Popcorn Pods: The Bridge of Spies

Popcorn Pods – To pod my thoughts after a movie like peas from their pod.

Steven Spielberg returns to the director seat with the movie this year after the release of Poltergeist where he is the writer and the Executive Producer of Jurassic World.  Somehow, when Steven takes over the helm of a movie by being both the Director and the Producer, he is able to churn out entertaining classics such as Catch Me If You Can, Schindler’s List, Amistad and of course, Saving Private Ryan.

History seems to be his forte here and The Bridge of Spies provides material that he is good at. With Tom Hanks taking the lead role of his movie yet again, this is a recipe for success.

The movie is set in the cold war just as the East Germans (German Democratic Republic or GDR) are building the Berlin Wall, to separate Allied occupied West from the Soviet occupied East. With the horrors of Second World War fresh in the minds of the people of the era, it is palpable for the citizens of the world to feel edgy and fearful, more so when the two most powerful nations are armed with Nuclear Arsenal to engage in MAD (Mutually Assured Destruction). Stanley Kubrick’s Dr Strangelove is a good example on how to show the sentiments of the era.

Behind this backdrop, there is a strong motivation in sending spies into each other territories to size up the military capabilities so as to assure survival should the unthinkable happens. When both the United States and Soviet Russia both caught their operatives in their respective territories, that’s where James ‘Jim’ Donovan (Tom Hanks) comes into the picture.

Steven and Tom reunited to give another reason to go to the movies.

Upholding the American values/spirit of fairness, honour, loyalty and doing the right thing against the odds are given fair airing here perhaps to show the younger generation of Americans that there are ideals that are way bigger than them and worth to fight for, including showing the world what these values are whatever it takes.

Even when faced with the prospect of being public enemy No. 2 when defending the public’s No. 1 enemy in the form of the Russian spy Rudolf ‘Colonel’ Abel, Jim is dead set to provide the best defence that he possibly can muster in the courts of law.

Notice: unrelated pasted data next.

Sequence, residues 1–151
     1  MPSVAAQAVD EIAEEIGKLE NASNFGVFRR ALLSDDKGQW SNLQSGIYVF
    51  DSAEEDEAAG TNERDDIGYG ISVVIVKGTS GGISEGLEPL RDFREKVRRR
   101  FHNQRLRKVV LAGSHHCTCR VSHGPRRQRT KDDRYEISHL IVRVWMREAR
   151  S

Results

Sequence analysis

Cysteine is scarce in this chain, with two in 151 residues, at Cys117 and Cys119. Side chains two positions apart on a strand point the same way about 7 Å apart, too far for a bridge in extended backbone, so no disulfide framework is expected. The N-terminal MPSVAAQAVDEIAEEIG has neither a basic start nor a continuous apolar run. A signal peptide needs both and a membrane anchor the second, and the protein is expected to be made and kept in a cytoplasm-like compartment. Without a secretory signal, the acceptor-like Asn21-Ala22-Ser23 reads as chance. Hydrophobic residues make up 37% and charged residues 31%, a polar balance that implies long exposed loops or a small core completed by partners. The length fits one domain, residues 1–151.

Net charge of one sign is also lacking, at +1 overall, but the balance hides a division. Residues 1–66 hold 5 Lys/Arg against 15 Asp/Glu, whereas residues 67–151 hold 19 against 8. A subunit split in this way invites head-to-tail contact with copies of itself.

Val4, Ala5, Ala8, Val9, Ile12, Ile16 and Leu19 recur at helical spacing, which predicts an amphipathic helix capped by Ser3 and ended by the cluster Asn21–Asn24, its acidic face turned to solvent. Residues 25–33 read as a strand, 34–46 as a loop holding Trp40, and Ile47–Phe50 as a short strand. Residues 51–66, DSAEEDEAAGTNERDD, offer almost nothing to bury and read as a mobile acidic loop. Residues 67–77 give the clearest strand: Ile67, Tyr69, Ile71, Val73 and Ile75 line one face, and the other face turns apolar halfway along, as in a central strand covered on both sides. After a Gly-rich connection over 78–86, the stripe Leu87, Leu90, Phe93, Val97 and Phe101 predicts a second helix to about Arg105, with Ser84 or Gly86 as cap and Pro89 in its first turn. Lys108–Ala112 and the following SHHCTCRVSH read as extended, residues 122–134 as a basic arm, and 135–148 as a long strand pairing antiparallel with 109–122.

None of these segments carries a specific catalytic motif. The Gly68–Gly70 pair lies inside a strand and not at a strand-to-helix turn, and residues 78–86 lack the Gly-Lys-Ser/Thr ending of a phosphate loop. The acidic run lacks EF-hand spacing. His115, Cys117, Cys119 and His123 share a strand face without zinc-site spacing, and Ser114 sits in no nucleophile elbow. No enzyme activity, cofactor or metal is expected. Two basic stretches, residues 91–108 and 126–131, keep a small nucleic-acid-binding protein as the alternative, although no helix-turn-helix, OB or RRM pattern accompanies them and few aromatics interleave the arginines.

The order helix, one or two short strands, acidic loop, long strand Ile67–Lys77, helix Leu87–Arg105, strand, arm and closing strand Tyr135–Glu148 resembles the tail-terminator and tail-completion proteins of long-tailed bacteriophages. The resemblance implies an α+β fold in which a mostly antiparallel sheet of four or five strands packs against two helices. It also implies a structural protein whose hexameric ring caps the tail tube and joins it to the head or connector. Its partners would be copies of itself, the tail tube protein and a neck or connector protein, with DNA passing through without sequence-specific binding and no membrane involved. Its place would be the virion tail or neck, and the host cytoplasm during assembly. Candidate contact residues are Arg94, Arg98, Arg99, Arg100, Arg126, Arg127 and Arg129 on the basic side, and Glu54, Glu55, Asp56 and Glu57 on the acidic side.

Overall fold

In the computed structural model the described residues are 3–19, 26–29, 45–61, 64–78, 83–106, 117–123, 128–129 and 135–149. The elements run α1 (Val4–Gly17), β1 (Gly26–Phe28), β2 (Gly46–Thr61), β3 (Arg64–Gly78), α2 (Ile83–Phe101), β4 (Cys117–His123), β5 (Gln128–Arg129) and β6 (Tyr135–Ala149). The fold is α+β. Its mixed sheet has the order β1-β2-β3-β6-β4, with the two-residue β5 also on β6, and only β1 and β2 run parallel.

When doing a good thing, is not doing a good thing.

This tenacity serves Jim well when doing what’s right but to do it above and beyond what was demanded when he is asked to negotiate the release of not just an American pilot, but also an American student who was caught by GDR soldiers. The tension comes when he tries to argue his way to get what he wants despite the dangers faced by himself and his family.

Still there are places where you would wish the clashing of verbal swords can be a bit more intense to make the movie more memorable – something like scene between Tom Cruise and Jack Nicolson in A Few Good Men. Jim as an attorney (an insurance lawyer no less) is not that confrontational as he uses his wit to get what he wants and that in a way makes it enjoyable for some but I do feel there is a bit of lack in tension, to show that despite all the niceties, there’s daggers thrown and to avoid being stabbed.

What I do learn, a lot, is not from Tom Hank’s character but from Rudolf Abel. When questioned by his lawyer Jim why was he not concerned/worried, his best refrain “Would that make things better?”. Perhaps that’s a coping mechanism but is something that has stayed with me even Jesus Christ would concur and agree wholeheartedly (Matthew 6:25-34).

And there’s this wittiness that is swirling about in the movie that kept things interesting without damaging the gravitas of the situation.

Generally this is movie can be considered slow to those who says Fast and Furious is ‘normal’ but this is where cooking something slow may not be necessarily be blend (yes one of my favourite food is Herbal Soup!). That’s the magic of Steven Spielberg where 142 minutes just went by without us knowing.

Popcorn Pod One Word: Absorbed

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